It is contemplated that whatever rate is chosen as the controller clock, that rate will be maintained by the latch until the next power-on reset or initialization cycle occurs. If the external memory is to be changed from, for example, SDR SDRAM to DDR DRAM, or vice-versa, changes will occur when power is absent from the integrated circuit containing the memory controller. Once the changeover is completed, the integrated circuit receives power and proceeds through the power-on reset sequence to latch in the binary value that will dictate the clock frequency of the memory controller for the external memory that is currently connected to the controller, and which will replace the previous memory during the changeover process.
According to one embodiment, an integrated circuit is contemplated. The integrated circuit includes both an execution engine and a memory controller configured on the same monolithic substrate. The execution engine is clocked at a first clock rate or system clock rate. The memory controller can be selectively clocked at either the first clock rate or a second clock rate that is approximately one-half frequency of the first clock rate. Regardless of whether the memory controller is clocked at the first or second clock rate, the memory controller will always produce the same data transfer rate between an external memory and the integrated circuit. Preferably, the memory controller is clocked at the first clock rate during times in which every other transition (i.e., SDR) latches data, and the memory controller is clocked at the second clock rate during times in which data is latched on every transition (i.e., DDR).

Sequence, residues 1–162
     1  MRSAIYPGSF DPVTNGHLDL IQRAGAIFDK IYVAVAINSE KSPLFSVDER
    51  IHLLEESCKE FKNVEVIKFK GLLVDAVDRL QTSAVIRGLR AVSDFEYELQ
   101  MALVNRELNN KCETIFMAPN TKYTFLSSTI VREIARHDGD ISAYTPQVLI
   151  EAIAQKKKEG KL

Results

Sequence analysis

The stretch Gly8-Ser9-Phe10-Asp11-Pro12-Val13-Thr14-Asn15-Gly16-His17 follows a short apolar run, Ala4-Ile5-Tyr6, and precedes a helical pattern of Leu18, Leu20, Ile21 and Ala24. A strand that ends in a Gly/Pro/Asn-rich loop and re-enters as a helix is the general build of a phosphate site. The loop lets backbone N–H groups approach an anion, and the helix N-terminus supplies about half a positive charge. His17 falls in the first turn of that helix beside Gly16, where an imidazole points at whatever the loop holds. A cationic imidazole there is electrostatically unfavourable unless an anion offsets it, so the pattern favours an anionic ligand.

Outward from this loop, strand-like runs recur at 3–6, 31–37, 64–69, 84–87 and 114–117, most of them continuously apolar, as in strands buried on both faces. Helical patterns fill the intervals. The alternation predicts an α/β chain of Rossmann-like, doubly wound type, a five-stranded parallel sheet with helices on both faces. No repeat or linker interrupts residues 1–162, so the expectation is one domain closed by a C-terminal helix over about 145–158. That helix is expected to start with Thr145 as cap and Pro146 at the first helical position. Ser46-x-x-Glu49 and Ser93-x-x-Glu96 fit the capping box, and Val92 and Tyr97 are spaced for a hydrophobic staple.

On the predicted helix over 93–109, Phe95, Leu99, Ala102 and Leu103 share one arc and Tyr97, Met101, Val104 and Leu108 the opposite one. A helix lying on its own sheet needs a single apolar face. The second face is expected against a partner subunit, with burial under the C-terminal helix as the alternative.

According to yet another embodiment, a computer is contemplated. The computer includes an execution unit, a memory controller, a memory device, and a data bus coupled between the memory controller and the memory device. The execution engine is clocked at a first rate and the memory controller is clocked at either the first rate or a second rate approximately one-half the first rate. The data bus transfers data at substantially the first rate regardless of whether the memory controller is clocked at the first rate or the second rate. The memory device preferably comprises SDR SDRAM during a first time in which the memory controller is clocked at the first rate. The memory device preferably comprises DDR DRAM during a second time in which the memory controller is clocked at the second rate. Thus, the memory device can be interchanged in an interim in which the execution engine and the memory controller are powered down. However, when SDRAM is present, the memory controller is clocked at the first rate and when DDR DRAM is present, the memory controller is clocked at the second rate.